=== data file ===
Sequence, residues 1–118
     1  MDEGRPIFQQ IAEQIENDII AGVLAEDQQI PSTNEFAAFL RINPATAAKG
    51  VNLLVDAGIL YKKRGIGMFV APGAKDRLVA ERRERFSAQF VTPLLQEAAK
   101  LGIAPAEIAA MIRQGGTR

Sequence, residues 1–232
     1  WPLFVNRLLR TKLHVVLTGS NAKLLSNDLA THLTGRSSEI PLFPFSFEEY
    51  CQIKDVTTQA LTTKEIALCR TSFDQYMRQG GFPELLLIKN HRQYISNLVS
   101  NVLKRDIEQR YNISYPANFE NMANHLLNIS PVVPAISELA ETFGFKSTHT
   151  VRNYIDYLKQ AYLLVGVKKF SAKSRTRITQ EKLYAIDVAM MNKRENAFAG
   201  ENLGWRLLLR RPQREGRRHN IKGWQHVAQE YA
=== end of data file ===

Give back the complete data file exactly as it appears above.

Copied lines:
Sequence, residues 1–118
     1  MDEGRPIFQQ IAEQIENDII AGVLAEDQQI PSTNEFAAFL RINPATAAKG
    51  VNLLVDAGIL YKKRGIGMFV APGAKDRLVA ERRERFSAQF VTPLLQEAAK
   101  LGIAPAEIAA MIRQGGTR

Sequence, residues 1–232
     1  WPLFVNRLLR TKLHVVLTGS NAKLLSNDLA THLTGRSSEI PLFPFSFEEY
    51  CQIKDVTTQA LTTKEIALCR TSFDQYMRQG GFPELLLIKN HRQYISNLVS
   101  NVLKRDIEQR YNISYPANFE NMANHLLNIS PVVPAISELA ETFGFKSTHT
   151  VRNYIDYLKQ AYLLVGVKKF SAKSRTRITQ EKLYAIDVAM MNKRENAFAG
   201  ENLGWRLLLR RPQREGRRHN IKGWQHVAQE YA